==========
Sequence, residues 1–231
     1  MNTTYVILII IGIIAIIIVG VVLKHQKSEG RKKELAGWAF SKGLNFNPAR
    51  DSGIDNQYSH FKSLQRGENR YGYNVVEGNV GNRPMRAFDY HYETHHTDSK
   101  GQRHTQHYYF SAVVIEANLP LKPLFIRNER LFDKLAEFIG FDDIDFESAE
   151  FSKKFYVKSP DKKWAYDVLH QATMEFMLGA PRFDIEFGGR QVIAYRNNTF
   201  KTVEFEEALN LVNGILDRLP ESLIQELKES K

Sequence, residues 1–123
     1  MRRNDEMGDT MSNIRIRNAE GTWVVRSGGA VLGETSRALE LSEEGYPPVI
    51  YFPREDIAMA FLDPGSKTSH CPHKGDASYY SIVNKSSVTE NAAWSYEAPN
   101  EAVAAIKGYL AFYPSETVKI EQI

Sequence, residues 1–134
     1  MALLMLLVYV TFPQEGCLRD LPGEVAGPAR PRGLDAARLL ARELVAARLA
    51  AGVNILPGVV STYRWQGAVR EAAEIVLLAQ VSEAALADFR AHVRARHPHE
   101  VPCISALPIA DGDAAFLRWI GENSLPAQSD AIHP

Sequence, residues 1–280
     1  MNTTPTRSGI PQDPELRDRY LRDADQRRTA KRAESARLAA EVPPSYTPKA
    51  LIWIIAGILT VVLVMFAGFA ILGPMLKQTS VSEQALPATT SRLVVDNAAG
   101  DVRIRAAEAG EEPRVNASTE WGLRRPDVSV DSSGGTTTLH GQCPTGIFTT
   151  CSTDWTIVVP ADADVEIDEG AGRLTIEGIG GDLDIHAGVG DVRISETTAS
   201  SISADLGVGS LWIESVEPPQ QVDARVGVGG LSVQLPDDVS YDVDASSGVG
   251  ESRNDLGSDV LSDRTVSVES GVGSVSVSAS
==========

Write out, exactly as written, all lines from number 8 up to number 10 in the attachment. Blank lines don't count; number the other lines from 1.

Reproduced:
     1  MRRNDEMGDT MSNIRIRNAE GTWVVRSGGA VLGETSRALE LSEEGYPPVI
    51  YFPREDIAMA FLDPGSKTSH CPHKGDASYY SIVNKSSVTE NAAWSYEAPN
   101  EAVAAIKGYL AFYPSETVKI EQI